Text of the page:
The gospel of good news, as Luther and we understand it in our best moments, calls us to be messengers of peace and restorers of streets for all to live in side by side. For us as Christians, this work of building peace begins with learning that God in Christ by love and through grace planted freely as faith within us frees us from the burden of guilt and sin and invites us into a new and verdant way of living. This new and verdant life includes debunking myths so as to live in and by truth. Debunking myths, or at least adding to the stories of our lives and others in ways that add nuance and complexity, whether we are talking about Martin Luther or ourselves or the Church or any facet of life and the world around us so that the truth that is God’s everlasting intent of mercy and love, justice, forgiveness and grace – which we as Christians understand to be most revealed through and in the person of Jesus – might more clearly shine forth, freed from the encumbrances of such myths.

The writer of the gospel of John is preoccupied with the concept of truth (from the Greek word Alethia) - it occurs twenty-five times in the gospel of John as opposed to only seven times in total in the other three gospels and here in chapter eight this truth language is especially concentrated. (Working Preacher, October 2023) Jesus says to the Jews who believed in him (and we need to remember that often the word “Jew” is used interchangeably with “Jewish leader”); Jesus says to the Jewish leaders who believed in him that if they know the truth, the truth will make them free. Or more accurately, that because they know the truth, that is the truth of God that has been revealed in Jesus who is walking among them, they are being set free.

The Jewish leaders are confused and say that as descendants of Abraham they have never not been free, so what can Jesus be saying? And Jesus says that all who are caught in sin are indeed slaves, but that God, in sending God’s self through Jesus who was both God and human, has done a new thing, has literally incarnated into the world – a fancy word for saying that God took God’s eternal and omnipotent and beyond comprehension self and chose to be humbled into human frame so as to change the narrative of human existence. To free us as humans in a way that was not possible before.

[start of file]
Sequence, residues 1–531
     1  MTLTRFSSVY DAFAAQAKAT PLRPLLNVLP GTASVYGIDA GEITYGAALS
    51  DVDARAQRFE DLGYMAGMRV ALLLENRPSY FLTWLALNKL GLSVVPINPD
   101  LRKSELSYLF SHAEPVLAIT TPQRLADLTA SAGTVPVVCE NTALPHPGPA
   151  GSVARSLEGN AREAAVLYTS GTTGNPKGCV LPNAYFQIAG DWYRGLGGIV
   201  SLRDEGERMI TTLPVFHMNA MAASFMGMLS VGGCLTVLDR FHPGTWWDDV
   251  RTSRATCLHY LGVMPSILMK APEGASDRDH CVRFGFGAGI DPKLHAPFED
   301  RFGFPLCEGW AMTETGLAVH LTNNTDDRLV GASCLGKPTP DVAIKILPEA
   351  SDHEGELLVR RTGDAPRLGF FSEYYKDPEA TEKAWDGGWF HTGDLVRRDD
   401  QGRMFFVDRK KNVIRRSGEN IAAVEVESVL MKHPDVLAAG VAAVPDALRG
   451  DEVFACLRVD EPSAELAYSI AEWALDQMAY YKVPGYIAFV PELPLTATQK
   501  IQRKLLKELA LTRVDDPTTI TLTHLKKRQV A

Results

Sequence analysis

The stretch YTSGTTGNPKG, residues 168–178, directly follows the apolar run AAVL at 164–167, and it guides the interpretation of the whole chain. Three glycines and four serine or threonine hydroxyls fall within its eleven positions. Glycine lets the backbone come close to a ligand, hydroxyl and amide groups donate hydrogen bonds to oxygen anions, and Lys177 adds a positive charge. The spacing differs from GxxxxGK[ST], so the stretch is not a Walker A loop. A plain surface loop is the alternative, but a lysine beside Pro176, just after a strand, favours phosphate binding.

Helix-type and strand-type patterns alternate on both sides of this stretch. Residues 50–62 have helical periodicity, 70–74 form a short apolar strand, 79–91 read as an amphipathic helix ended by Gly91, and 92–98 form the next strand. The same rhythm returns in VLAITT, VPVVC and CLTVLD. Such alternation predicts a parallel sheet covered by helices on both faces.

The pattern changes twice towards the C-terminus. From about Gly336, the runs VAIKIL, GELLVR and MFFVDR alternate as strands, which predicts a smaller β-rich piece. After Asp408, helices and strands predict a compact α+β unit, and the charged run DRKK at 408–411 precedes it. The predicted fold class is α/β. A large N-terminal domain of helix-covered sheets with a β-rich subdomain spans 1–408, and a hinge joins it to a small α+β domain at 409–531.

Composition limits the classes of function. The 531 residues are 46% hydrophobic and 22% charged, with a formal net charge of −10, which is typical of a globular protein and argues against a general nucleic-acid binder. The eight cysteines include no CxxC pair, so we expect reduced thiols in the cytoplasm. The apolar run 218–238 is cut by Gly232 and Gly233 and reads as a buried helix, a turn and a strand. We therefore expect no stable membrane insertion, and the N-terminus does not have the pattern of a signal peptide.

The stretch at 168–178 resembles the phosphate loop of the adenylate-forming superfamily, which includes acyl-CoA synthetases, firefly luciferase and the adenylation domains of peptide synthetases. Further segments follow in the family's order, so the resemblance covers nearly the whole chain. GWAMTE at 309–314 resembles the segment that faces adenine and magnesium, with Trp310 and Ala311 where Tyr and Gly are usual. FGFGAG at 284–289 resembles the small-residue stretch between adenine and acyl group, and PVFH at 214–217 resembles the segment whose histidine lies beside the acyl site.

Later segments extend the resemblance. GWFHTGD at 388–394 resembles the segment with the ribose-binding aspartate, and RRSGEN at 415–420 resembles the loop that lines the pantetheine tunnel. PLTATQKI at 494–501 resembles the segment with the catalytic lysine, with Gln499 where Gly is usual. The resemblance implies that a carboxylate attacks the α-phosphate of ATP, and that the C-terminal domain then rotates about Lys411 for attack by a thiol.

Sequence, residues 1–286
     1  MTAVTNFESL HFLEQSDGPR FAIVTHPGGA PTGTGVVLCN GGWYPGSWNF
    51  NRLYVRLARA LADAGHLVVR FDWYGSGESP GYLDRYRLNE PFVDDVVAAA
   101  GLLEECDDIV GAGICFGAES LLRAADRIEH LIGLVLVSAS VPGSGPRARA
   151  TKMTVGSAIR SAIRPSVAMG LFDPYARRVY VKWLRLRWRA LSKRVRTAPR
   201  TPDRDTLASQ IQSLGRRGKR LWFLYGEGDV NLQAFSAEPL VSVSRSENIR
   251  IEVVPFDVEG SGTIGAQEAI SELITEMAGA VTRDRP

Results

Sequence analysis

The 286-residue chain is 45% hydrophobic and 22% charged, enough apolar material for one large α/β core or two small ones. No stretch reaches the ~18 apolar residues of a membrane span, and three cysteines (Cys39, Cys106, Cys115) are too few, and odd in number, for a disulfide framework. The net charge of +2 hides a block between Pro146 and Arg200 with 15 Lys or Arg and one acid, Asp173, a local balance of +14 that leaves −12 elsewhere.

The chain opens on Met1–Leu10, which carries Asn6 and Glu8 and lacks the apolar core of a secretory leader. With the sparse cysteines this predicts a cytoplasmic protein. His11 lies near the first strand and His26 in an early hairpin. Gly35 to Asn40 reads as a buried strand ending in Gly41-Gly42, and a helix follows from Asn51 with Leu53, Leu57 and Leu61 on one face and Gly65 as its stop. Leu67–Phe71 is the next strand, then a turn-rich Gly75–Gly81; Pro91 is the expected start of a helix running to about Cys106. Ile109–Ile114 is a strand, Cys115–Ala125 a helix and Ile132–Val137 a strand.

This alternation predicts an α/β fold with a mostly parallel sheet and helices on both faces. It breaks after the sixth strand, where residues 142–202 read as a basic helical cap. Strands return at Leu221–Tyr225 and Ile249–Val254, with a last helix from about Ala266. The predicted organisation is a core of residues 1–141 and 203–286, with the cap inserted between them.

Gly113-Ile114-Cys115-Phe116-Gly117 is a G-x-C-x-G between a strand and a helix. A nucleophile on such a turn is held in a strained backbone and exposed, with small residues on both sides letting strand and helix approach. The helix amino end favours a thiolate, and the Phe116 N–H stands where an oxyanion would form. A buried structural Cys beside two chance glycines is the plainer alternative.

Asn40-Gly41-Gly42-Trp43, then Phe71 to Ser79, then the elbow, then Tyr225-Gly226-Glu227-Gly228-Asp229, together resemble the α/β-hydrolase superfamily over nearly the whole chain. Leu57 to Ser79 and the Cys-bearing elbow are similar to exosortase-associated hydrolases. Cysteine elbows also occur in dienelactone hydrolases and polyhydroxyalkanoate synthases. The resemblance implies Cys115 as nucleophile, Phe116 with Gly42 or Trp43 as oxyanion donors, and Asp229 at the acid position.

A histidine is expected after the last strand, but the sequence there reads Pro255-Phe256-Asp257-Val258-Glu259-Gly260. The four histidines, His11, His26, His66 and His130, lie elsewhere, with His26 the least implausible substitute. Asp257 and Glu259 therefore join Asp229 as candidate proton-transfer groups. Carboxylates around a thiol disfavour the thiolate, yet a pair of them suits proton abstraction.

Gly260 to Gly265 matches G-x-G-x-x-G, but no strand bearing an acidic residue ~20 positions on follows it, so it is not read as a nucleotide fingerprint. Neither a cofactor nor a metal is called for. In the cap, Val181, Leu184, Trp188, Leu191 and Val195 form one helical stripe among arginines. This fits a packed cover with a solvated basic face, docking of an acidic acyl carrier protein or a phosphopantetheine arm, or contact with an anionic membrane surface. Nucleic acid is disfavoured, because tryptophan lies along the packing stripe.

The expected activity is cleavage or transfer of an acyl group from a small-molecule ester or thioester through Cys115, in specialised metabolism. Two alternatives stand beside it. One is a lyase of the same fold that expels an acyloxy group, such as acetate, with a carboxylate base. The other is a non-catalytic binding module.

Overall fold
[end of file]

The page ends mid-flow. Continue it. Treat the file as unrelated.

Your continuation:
So, what are Reformation Day and Reformation Sunday, which we mark and commemorate today, all about? They are not, as some think, days on which we celebrate the founding of the Lutheran Church or other churches of the Reformation era. They are not days upon which we celebrate Martin Luther or other reformers or worst of all – deify them – after all, as we’ve already discussed, are just as fallible and sinful as us! In their simplest and perhaps smallest form, Reformation Day and Reformation Sunday are occasions upon which we mark and commemorate Martin Luther posting his 95 Thesis on the church door in Wittenberg in order to start a theological discussion.

Yet if we will allow ourselves to have our vision enlarged, we might discover that Reformation Sunday is a day upon which we don’t just commemorate a small, yet significant event in the past, it is a day upon which we might allow ourselves, with God’s help and the support of our church communities, to be recommitted to rediscovering the truth that sets us free. Rediscovering as people and as church communities that naming the places where we are fallible and have stumbled does not make us less, it makes more room in which we might perceive how God’s reconciling and redeeming work can break wondrously through even the most broken of people and that whether we are a Martin Luther or a Katie Von Bora, whatever our name might be – in naming the brokenness – our brokenness – and debunking the myths God can help us to participate in the glorious freeing work of God in Christ that will better position us to be more useful bearers of the gospel among this hungry and broken world.

For when the truth can shine forth, it is truly wondrous to behold.